On the morning of 14th March, all roads led to the first Pratham Books Sabha in Delhi!
Or so we felt as we rushed to IHC to welcome our authors and illustrators, buyers and well wishers. It was a busy busy monday morning with heavy traffic but the basanti breeze was kind and the silk cotton trees in full bloom.
The venue was humming with last minute arranging of books, going over the event flow and waiting for our guests to arrive. It was so wonderful to have more than 70 of our authors, illustrators, translators and other well wishers together for the first time.
Over steaming cups of coffee and tea, many introductions were made, many friendships revisted and many new conversations begun.
After a brief welcome to the Sabha,our chairperson, Rohini Nilekani spoke eloquently and passionately about the genesis of Pratham Books. The book as a medium is portable, cost effective and a great vehicle for ideas.She spoke about the need to invest in our children and their educational journey, if we wanted a truly functioning democracy.She spoke about the need to see the kind of work that Pratham Books was doing as a societal mission and more people needed to join in to see that last child has a book to read, a book to call her own.
Suzanne Singh, Managing Trustee Pratham Books spoke about the size and scale of Pratham Books’ goals and the gratifying journey so far. She spoke about our low cost, high quality books in many Indian languages for children across the country.The innovative and collaborative nature of our work had led to the creation of new products and platforms, so that we can reach the greatest number of children.For many people in the audience, this was perhaps the first time that they became aware of the scope and reach of Pratham Books and the breadth of its mission.
A lively panel discussion on Creating Joyful and Accessible Content for New Readers followed with a four very distinguished panelists -Rukmini Banerji, Director ASER Centre and Pratham, Shuddhsatwa Basu, artist-illustrator-animation film maker and teacher, Anushka Ravishankar, highly acclaimed author and Paro Anand, well loved author for children and young adults and literary activist. Each of them brought in very different yet intersecting perspectives on creating books for children and their personal experiences kept the discussion rooted in the here and now.
Rukmini Banerji’s effervescent presentation on why she thought it was important to create books for children was informed by the depth of her field experience where she enjoys meeting thousands of children who study in government schools across the country. She shared several amusing anecdotes that underlined the importance of reading and how it builds self-confidence and opens up a window to newer worlds. Her presentation also displayed the scale of Pratham’s work and the number of children who need support.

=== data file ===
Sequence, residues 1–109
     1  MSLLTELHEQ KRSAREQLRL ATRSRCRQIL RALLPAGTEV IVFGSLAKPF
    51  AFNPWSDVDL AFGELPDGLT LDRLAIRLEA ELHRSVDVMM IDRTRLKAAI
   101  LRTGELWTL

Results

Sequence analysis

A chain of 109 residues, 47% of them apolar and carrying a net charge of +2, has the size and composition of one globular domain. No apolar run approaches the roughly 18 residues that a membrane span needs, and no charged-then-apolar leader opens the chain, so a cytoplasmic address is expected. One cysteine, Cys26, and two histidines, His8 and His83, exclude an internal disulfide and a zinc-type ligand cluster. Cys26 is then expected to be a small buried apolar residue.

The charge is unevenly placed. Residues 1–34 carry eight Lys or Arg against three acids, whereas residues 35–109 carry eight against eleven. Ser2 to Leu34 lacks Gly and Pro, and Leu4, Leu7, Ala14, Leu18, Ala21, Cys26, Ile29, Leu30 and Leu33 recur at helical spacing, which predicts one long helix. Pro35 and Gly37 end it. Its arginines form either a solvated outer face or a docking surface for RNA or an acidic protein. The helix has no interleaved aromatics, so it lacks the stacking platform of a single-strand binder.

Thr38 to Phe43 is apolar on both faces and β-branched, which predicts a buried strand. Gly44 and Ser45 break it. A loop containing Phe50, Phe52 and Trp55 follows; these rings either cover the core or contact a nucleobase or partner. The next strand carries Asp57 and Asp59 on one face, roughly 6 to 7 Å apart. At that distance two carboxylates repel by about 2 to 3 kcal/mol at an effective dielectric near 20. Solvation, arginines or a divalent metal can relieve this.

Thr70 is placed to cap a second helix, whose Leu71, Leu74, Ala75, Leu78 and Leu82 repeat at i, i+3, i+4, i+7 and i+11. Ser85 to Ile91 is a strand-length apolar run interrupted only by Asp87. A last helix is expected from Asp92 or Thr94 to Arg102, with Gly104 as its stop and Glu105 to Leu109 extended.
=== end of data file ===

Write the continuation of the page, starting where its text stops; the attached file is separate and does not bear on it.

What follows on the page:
Shuddhsatwa Basu’s visual presentation of his growth as an artist was a delightful example of different styles of visual communication. The role of an illustrator in making children’s books joyful could not have been underscored in a better way.It was evident how the interplay between the words and illustrations make each book a dynamic site for stimulating the mind.
Anushka Ravishankar shared her journey as an author within the context of joyful and accessible content creation. She made a strong case for the subjectivity of the author. She felt that a joyful creative process imbues the book with joy. Her presentation made a strong point about a sense of comfort with being open-ended. She had written a script after looking at a set of vibrant illustrations, and she was also open to an illustrator having complete freedom to interpret a text she had written. She read out from two of her delightful books-both fine examples of joy and accessibility. She also said that overly didactic books turn off young readers.
Paro Anand spoke about the power of stories. Referring to her work with children impacted by terrorist violence, she said that stories are a powerful medium to begin a conversation on difficult issues of death and pain. As a part of her Literature in Action program, she had come across many children with personal traumas who could begin healing through the sharing of their stories. She also made a strong case for demystifying the act of writing stories as she said that anybody could write as everybody had a story.
A full house engaged in a freewheeling discussion on the many ideas thrown up by our wonderful panelists. Illustrations, suitable books for libraries, the role of an editor, the tension between didactic ideas and joyful content were all thrown up as stories about creating stories were told.
The conversation was animated and it set the mood for Gautam John’s presentation on Creative Commons. He made a short and pithy presentation explaining the basis and the benefits of this new way of looking at content. He illustrated the ways in which CC licensing options made Pratham Books more accessible and took it a step closer to its mission of a book in every child’s hand.
As time was short and stomachs were heard rumbling, we broke for lunch but Gautam happily held several mini-sessions for various authors and illustrators who were intrigued by the possibilities of CC licensing.
The first Sabha created a great sense of community between all the authors, illustrators and supporters of Pratham Books. There was such a feeling of warmth and sharing between everybody that we can truly say that we have a LARGE extended family! Thank you for being there and here’s to many more Sabhas! Cheers!
Also read :
Sabha 2011 – Why We Held This Literary Meet
Sabha 2011- Books in many Indian languages
Sabha 2011 – Writing Bilingual Books
Sabha 2011 – The Joys and Challenges of Creating Multi-lingual Content